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On Returning to Roots
by Noctir (Feb. 2011)
 

How many times has a respected Metal band completely evolved into something else or abandoned that which built their fan base in the first place? Too many times, musicians get bored with what they are doing and succumb to the desire to experiment. As it relates to Metal, this is most often met with resistance. That is not to say that there are not open-minded people within the Metal community, for there certainly are. However, Metal fans are a rather conservative breed and dislike when they feel that a band has betrayed them. The bands know this as well, and will sometimes play on this as a way to market a new album by claiming that it is a “return to their roots”. Unfortunately, this seems to mean something different to each group.

The first example to look at would be Dismember. This Swedish Death Metal band made a couple of classic albums and then slightly fell into foreign territory, making the more melodic and traditional-sounding Massive Killing Capacity. The album really was not bad at all, yet there was some backlash and the band took a bit of a break after that. Once they regrouped, they returned to their roots with 1997's Death Metal and have maintained their normal style ever since, with success.This proves that it is possible to make a misstep and to then go back and find your path. But this is not always the case.

Take a band like My Dying Bride, for instance. They slowly evolved into something else, after their first few albums. Instead of playing Death/Doom, they played a strange mix of Gothic/Romantic sounding music that had ties to traditional Doom Metal, but also to something else entirely. By 1998, they had completely forsaken Metal, altogether. The following year, they decided to go back to their roots and to bring back the style of music that they had pioneered in the early 1990s. It was not quite the same, but the effort was admirable, nonetheless. However, after a couple records, they began to stray back into more experimental areas and so the “return” was only temporary and was not entirely successful.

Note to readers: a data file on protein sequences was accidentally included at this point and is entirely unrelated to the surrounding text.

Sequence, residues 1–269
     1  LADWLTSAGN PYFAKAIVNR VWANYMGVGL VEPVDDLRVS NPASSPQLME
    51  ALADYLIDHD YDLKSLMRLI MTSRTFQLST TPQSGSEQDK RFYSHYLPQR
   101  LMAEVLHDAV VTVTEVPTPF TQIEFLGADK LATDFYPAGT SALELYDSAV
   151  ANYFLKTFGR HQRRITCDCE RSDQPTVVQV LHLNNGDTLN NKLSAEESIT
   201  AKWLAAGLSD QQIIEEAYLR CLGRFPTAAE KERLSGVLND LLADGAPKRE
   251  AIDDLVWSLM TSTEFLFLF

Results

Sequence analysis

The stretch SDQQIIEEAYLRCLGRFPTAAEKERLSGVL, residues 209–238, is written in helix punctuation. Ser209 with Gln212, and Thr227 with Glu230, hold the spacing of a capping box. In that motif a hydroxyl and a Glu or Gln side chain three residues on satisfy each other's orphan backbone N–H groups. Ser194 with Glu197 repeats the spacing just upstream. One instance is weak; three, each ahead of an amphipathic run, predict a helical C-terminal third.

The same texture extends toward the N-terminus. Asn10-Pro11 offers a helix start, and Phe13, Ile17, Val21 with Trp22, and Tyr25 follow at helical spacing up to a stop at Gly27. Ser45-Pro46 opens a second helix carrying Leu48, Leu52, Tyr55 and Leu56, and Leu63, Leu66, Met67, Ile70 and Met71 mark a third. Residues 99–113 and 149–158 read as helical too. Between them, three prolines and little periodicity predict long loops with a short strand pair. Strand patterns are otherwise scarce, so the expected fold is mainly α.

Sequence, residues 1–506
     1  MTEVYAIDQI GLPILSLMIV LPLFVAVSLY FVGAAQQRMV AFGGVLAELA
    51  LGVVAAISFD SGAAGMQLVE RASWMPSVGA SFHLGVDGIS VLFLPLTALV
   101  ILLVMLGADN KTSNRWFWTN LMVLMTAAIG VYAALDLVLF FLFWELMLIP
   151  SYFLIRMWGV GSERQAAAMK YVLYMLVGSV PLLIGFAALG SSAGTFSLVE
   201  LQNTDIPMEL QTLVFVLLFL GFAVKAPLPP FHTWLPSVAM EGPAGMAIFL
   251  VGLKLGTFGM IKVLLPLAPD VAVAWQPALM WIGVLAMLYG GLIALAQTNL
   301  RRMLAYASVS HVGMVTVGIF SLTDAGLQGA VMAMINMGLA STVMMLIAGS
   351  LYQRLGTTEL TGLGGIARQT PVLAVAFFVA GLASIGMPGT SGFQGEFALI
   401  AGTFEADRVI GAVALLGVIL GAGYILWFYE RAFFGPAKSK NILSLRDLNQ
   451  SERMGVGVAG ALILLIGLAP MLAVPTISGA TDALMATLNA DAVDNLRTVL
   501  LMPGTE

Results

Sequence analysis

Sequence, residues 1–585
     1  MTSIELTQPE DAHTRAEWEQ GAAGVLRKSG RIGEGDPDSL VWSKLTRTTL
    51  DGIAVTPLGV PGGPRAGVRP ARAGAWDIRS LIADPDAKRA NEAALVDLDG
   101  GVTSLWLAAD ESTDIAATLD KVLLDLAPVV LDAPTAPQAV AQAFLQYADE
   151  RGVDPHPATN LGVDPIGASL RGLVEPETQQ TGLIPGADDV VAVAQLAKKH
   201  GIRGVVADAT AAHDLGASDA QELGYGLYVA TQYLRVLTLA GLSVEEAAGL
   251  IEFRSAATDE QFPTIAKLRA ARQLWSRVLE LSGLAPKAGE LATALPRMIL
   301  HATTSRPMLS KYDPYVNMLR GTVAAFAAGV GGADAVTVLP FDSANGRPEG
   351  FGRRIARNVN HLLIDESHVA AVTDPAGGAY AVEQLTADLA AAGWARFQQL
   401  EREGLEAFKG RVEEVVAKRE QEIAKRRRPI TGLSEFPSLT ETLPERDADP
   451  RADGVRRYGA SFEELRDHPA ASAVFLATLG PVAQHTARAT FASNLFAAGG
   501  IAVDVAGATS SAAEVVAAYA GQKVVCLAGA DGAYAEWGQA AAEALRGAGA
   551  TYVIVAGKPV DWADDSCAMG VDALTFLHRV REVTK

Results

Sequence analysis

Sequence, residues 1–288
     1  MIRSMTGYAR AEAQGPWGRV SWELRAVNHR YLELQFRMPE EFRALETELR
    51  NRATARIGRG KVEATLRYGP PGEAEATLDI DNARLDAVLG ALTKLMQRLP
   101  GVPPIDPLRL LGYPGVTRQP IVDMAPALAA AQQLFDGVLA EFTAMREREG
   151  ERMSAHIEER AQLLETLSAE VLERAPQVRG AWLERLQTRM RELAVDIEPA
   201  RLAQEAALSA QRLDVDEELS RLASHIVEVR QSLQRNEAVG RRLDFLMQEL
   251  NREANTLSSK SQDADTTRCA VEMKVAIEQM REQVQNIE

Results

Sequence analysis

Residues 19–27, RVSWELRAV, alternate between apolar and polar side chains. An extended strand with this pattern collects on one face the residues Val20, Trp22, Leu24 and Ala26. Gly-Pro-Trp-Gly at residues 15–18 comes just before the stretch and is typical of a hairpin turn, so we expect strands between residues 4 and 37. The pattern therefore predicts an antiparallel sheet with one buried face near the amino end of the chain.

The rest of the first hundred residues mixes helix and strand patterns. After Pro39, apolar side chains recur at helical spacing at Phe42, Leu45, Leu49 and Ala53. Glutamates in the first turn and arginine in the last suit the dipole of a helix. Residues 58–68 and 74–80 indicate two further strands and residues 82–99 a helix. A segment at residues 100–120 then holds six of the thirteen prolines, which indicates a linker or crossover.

Then, you have bands like Hypocrisy that tried to make a return to the old days, more as a gimmick than anything else, but totally failed to capture that magic or to even maintain that effort throughout the whole album (2000's Into the Abyss). Taking this a little further, one can look at Metallica and wonder how the hell they had the nerve to claim that they were returning to their roots, when it is painfully obvious that they have absolutely no understanding of how they used to operate. It is difficult to believe that a band can lose touch with themselves to such a degree that they are unable to even come close to creating something that is remotely similar to their classic material, as if they simply cannot grasp what they accomplished in the past.

And, finally, one can look to the almighty Darkthrone and rejoice in that they have such a deep knowledge and understanding of Metal that, when they want to take their sound more old school, they completely bypass their own earliest efforts, such as A Blaze in the Northern Sky and Under A Funeral Moon, and go back to the roots of Black Metal. Few others have shown such comprehension of how Metal is supposed to be, and it will be a sad day when those two decide to stop making music.

In the end, most bands should follow the example set by Carcass. Once you are going too far beyond what your band is supposed to be, simply close up shop and start under a new name. It might be risky, sales-wise, but it is the only appropriate thing to do, with any respect to the music itself.
















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